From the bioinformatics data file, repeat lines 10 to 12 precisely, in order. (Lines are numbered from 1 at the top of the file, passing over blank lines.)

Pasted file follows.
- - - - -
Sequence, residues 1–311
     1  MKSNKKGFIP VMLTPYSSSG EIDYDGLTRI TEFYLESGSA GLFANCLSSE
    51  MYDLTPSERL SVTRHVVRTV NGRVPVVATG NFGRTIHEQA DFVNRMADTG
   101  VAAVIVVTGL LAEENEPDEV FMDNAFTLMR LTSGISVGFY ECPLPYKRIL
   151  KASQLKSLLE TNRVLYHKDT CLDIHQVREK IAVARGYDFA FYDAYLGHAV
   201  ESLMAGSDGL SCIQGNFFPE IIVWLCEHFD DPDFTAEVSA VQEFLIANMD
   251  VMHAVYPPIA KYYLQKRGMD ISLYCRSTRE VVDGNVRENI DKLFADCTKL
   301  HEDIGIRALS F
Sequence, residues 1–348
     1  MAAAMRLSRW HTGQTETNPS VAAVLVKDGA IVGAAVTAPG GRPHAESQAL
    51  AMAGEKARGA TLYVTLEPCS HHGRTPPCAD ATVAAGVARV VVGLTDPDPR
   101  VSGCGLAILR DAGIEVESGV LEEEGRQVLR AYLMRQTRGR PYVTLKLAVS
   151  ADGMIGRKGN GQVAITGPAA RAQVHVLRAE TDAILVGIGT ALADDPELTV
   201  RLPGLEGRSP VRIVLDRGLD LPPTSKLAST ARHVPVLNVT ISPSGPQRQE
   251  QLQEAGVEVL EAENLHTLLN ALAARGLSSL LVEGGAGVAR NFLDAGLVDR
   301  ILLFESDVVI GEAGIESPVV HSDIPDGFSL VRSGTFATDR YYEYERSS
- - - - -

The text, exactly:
     1  MAAAMRLSRW HTGQTETNPS VAAVLVKDGA IVGAAVTAPG GRPHAESQAL
    51  AMAGEKARGA TLYVTLEPCS HHGRTPPCAD ATVAAGVARV VVGLTDPDPR
   101  VSGCGLAILR DAGIEVESGV LEEEGRQVLR AYLMRQTRGR PYVTLKLAVS